In response to Bill Hynes’s letter (Jan. 8) when he suggests that fireworks are not a problem and that he is exhausted listening to a portion of seniors in his community.
I would like to dispute his assertion that there are “a few fireworks… for these few hours each year”.
It would appear that fireworks are becoming the thing to do for any type of ‘celebration’.
Not only do we have to consider New Year’s, but also July 1, Nov. 5, civic activities, personal birthdays, but also the several weeks before and after these dates. Just yesterday (Jan. 14), driving home at 6 p.m. I witnessed fireworks on Little Mountain.
Even if one self-interestedly decides not to care what one’s senior neighbours think, a caring, compassionate person should consider the following:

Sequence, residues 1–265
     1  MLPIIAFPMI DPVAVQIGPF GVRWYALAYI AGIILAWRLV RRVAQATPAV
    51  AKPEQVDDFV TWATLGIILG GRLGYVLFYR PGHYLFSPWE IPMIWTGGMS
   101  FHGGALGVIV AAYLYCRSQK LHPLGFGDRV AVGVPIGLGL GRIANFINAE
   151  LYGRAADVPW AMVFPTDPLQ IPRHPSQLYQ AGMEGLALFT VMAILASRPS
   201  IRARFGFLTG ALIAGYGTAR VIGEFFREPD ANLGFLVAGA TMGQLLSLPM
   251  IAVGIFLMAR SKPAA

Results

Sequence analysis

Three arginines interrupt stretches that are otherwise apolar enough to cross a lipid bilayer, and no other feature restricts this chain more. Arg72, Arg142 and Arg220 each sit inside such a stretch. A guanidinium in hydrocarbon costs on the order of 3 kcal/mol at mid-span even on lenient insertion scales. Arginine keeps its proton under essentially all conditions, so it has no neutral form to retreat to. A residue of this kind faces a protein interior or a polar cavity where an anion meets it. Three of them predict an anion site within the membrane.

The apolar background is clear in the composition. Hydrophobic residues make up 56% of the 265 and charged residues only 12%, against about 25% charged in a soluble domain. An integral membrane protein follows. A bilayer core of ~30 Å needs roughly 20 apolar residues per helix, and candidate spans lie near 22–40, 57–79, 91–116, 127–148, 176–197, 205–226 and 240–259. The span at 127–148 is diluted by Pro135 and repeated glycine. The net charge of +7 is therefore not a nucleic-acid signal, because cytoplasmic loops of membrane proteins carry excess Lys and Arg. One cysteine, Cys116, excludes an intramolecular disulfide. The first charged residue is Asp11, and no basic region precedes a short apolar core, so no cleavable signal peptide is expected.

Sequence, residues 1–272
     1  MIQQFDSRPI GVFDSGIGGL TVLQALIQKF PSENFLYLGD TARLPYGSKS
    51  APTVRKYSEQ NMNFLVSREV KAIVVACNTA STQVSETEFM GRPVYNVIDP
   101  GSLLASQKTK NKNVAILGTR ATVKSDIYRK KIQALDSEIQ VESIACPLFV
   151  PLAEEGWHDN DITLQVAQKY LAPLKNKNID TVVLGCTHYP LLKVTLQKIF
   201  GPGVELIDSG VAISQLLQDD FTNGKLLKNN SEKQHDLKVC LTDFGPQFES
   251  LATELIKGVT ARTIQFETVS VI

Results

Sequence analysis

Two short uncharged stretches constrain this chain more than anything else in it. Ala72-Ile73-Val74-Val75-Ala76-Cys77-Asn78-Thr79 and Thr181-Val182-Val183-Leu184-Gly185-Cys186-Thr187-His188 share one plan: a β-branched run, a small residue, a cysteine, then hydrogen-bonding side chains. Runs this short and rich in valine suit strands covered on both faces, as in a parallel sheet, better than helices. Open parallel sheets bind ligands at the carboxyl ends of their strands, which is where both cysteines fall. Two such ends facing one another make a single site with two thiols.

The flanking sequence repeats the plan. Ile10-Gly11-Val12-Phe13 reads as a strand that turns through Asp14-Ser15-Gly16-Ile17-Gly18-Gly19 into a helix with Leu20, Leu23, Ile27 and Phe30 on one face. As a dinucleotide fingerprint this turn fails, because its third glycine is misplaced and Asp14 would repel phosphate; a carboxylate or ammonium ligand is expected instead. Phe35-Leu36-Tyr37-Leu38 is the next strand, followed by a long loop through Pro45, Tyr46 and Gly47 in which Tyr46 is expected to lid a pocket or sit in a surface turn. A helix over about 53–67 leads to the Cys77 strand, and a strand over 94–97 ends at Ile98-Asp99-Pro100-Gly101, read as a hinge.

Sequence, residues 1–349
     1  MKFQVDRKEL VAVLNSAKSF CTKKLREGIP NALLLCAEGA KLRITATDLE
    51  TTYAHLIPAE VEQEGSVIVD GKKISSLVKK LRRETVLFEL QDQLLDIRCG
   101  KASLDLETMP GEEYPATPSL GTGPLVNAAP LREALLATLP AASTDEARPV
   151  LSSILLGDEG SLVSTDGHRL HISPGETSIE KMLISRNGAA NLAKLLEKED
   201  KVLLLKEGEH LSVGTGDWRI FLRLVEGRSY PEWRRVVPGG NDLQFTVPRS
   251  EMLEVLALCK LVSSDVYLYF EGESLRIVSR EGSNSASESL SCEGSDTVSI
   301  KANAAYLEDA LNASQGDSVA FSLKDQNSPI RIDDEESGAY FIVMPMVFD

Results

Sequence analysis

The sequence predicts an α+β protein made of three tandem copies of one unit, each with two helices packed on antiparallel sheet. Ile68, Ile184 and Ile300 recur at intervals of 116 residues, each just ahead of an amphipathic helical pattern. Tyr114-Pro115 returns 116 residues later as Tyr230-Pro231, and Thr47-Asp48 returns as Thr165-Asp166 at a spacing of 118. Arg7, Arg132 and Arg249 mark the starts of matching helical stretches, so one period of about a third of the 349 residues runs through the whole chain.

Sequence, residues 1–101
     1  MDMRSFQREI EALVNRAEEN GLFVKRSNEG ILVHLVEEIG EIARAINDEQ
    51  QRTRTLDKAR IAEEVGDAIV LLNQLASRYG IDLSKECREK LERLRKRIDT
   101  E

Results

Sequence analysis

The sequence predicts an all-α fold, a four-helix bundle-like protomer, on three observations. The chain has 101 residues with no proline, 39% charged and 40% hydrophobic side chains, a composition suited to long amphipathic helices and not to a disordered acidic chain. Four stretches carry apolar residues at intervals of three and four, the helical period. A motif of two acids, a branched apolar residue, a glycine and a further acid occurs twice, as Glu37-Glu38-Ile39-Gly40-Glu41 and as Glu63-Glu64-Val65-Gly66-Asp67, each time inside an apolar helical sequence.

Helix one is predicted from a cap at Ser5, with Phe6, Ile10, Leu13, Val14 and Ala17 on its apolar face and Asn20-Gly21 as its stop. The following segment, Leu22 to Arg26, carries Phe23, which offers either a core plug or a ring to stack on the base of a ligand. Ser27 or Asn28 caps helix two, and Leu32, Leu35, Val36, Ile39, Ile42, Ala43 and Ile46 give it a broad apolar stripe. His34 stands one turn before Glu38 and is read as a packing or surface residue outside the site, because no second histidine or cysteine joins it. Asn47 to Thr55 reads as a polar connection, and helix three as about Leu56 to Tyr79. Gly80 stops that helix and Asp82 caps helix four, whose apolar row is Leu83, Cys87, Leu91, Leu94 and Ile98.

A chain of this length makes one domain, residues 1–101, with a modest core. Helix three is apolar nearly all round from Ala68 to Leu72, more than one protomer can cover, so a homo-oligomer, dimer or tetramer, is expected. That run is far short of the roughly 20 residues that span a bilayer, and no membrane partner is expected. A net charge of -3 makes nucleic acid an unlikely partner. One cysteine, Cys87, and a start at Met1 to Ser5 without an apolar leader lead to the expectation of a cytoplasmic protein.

It is not just senior’s dogs who are terrified. Research the number of local dogs that ran away on New Year’s night. Fireworks affect both domestic (many horses have died as a result) and wildlife.
Fireworks pollute. Not only do they release toxic chemicals, they distribute plastic and plasticized cardboard into our environment – and into our ocean when Parksville has its firework display.
Veterans and others who suffer with PTSD can be affected by the loud and percussive nature of the explosions.
Purchasing fireworks puts funds into the hands of those who use child labour in other parts of the world.
All of the above is easy to research, and I encourage readers to reconsider their use of fireworks and to take pleasure in alternative ways of celebrating.